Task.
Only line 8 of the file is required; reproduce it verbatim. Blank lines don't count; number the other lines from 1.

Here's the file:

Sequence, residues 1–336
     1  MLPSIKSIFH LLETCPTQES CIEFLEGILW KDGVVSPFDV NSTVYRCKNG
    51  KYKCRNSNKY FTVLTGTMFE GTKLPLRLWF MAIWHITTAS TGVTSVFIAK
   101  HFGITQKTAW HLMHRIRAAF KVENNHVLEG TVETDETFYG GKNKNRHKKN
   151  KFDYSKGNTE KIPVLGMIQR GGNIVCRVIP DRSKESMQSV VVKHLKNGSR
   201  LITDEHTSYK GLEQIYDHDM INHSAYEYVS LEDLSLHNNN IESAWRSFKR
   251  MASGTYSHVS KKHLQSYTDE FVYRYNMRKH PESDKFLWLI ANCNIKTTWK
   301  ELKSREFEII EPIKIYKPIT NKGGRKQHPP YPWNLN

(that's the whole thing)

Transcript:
   301  ELKSREFEII EPIKIYKPIT NKGGRKQHPP YPWNLN